Nasrid route

Following in the footsteps of the last dynasty of the Granada kingdom, savour the beauty of Cazorla, the charm of Úbeda and the Almoravid print of Jaén.

Day 1
Departure. Sunday.
We begin in the province of Jaén, in the borderlands of the former kingdom of Granada. The Cazorla, Segura y Las Villas Natural Park, declared a Biosphere Reserve, is like an oasis that breaks with the monotonous landscape surrounding the olive groves. Visiting places such as the Torre del Vinagre Interpretation Centre, the Iruela Castle or the Collado del Almendral Hunting Park is something you should not miss when visiting this beautiful mountain range. In Cazorla, within its attractive old town, it is interesting to visit the Museum of Arts and Customs of the Alto Guadalquivir in the Yedra Castle. In this hunting paradise, you must taste game dishes, authentic specialities from the Parador, which is a heaven of peace in the heart of nature. From there you can visit the source of the Guadalquivir river, find ancient yews and vulture colonies, enter the Cave of Water or the Roman remains of the nearby town of Peal de Becerro; and, of course, visit the town of Cazorla and its beautiful Castillo de la Yedra, which beautifies the landscape of clustered houses at the beginning of the great mountain range. Cazorla offers active tourism with routes and excursions on foot, horseback, by bike, on off-road vehicles or even rafting down through the river.
Day 2
Monday.
Less than 50 km away you will find our second destination: Úbeda, which together with neighbouring Baeza, both declared World Heritage Sites, gathers one of the most interesting Renaissance legacies in the country. In the Arab era, Úbeda gained importance and became a population centre. Abd ar-Rahman II founded the town of Ubbadat al-Arab. In 852, it was walled and, during the 11th and 12th centuries, it was successively conquered by Almoravids and Almohads. However, Úbeda stands out above all for being the jewel of the Andalusian Renaissance, highlighting the Sacred Chapel of San Salvador and the hospital of Santiago, the palace of Las Cadenas and the church of Santa María de los Reales Alcázares. Apart from these buildings, it is interesting to visit the unique Synagogue of Water to learn first-hand how the Jewish communities that were settled in Úbeda lived. A rich heritage before which the traveller feels to be in an Italian city, but with the folklore, the ancient crafts, the cuisine and the joy of Andalusia. It is located in the main olive oil-producing region and is the ideal place to get closer to and deepen this ancient culture and learn about the benefits of extra virgin olive oil, get to know the Olive Tree and Olive Oil Interpretation Centre or go oil tourism by visiting a mill.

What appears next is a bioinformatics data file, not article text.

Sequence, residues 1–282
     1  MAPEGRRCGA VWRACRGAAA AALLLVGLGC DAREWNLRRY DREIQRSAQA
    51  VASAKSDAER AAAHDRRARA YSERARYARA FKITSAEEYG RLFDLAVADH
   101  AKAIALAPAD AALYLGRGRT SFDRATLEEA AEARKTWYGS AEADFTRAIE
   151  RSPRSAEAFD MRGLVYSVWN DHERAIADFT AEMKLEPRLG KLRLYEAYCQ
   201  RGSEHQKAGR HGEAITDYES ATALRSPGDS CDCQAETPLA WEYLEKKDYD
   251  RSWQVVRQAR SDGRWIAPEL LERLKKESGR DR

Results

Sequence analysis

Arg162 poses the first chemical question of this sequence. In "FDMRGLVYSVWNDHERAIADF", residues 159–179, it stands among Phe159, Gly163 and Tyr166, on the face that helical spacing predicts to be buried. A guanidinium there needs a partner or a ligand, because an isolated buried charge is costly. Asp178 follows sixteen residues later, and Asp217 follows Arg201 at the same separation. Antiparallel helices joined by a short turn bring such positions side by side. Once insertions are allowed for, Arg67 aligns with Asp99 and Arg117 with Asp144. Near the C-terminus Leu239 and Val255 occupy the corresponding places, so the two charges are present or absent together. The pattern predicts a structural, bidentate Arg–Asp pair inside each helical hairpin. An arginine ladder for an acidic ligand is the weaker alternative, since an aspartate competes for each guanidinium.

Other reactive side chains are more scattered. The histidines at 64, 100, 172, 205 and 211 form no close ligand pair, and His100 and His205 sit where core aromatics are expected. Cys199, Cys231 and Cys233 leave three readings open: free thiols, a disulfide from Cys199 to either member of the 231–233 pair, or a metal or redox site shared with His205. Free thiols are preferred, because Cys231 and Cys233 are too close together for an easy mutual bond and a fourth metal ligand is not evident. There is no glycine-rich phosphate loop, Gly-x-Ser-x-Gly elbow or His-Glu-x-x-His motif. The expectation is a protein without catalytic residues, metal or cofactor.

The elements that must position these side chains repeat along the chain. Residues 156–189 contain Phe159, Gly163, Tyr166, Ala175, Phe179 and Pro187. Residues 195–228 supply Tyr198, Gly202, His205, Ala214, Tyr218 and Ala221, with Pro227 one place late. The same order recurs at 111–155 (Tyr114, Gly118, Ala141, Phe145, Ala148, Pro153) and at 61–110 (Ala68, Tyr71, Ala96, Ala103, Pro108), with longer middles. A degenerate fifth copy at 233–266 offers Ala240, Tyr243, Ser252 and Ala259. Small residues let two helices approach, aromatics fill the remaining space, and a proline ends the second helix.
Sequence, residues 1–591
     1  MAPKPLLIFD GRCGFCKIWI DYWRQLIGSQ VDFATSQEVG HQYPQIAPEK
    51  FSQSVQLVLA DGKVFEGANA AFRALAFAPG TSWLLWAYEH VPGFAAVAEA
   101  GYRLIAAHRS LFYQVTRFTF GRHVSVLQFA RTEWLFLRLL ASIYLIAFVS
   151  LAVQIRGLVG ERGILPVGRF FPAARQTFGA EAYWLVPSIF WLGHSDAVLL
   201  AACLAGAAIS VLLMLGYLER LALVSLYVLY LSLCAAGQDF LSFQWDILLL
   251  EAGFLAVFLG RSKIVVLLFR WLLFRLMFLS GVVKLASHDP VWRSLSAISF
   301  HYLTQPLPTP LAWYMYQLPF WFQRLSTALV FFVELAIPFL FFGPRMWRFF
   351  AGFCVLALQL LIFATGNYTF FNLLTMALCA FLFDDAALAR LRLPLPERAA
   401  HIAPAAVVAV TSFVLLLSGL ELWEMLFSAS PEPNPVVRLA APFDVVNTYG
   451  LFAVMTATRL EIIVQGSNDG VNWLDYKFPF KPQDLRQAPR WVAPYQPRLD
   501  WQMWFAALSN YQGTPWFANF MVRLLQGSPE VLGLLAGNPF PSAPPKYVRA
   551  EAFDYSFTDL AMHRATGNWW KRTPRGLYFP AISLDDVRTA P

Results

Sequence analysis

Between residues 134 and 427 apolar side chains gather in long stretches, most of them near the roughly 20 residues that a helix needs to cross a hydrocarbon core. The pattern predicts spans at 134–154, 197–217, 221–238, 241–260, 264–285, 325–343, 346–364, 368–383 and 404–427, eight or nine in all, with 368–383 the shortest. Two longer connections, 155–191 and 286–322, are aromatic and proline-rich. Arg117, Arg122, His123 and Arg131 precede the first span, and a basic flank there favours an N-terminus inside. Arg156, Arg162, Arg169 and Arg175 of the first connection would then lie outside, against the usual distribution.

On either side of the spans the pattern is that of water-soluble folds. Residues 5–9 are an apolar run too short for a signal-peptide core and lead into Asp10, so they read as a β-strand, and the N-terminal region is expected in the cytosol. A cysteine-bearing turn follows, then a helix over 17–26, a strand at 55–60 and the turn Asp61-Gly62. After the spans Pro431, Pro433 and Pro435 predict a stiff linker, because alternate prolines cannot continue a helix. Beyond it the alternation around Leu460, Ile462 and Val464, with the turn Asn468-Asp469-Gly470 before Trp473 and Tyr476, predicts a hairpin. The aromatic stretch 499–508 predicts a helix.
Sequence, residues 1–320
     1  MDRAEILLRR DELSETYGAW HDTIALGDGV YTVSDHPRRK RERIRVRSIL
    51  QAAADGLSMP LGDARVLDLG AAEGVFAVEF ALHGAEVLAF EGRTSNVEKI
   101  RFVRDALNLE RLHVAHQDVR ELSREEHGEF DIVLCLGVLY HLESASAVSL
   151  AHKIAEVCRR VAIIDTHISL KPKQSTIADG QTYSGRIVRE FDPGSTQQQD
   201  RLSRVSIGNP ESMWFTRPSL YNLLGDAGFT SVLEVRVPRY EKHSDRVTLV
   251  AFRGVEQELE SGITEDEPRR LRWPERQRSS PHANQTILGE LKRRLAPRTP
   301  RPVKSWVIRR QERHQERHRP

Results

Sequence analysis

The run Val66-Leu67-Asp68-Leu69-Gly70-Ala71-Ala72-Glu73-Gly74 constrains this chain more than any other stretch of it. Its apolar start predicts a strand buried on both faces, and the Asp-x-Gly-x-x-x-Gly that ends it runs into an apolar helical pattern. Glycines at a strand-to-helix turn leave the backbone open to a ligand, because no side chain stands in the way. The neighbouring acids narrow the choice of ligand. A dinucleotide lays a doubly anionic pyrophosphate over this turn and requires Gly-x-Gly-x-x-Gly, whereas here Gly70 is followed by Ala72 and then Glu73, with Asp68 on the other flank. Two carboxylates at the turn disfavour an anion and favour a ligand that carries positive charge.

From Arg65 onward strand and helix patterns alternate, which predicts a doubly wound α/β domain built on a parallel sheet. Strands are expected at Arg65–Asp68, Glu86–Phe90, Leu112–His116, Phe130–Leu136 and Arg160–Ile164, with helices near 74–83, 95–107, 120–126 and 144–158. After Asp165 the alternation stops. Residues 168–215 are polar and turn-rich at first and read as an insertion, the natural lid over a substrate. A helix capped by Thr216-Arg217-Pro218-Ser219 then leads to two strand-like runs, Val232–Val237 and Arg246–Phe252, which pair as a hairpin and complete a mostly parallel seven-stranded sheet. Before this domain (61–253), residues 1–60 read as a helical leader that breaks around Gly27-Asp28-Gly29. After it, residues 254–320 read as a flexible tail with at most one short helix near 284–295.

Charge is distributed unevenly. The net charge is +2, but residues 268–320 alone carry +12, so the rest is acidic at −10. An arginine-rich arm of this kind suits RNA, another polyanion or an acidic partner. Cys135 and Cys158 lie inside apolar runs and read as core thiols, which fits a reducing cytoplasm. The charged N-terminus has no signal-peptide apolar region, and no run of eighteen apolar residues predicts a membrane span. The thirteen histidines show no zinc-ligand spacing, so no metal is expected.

Day 3
Tuesday.
The final destination of the route is the capital city of Jaén. Almoravids incorporated Jaén into their Empire in 1091 and Almohads won it over in 1148 until its later reconquest, a hundred years later, by Fernando III of Castille. From the Moorish heritage, the Arab baths should be highlighted, the biggest and most important in Europe, built in the same grounds of the Villardompardo Palace. The Old District preserves the remains of what was once a spectacular city with many attractive churches and palaces. The Nuestra Señora de la Asunción cathedral, the Regional Museum of Fine Arts or the San Lorenzo arch, declared National Monument, are places worth a visit. The Parador de Jaén, recently reopened after extensive renovation works, overlooks the city from the top of the Santa Catalina hill with amazing panoramic views. It can be your starting point for the Route of the Castles and the Battles, which connects some of the best examples of the medieval defensive architecture, marked by the milestones that represent the important battles fought in the area. And as in Jaén having tapas is like a true religion, you can’t leave the city without trying its generous and delicious free tapas with some good olive oil. Do you feel like having some pipirrana?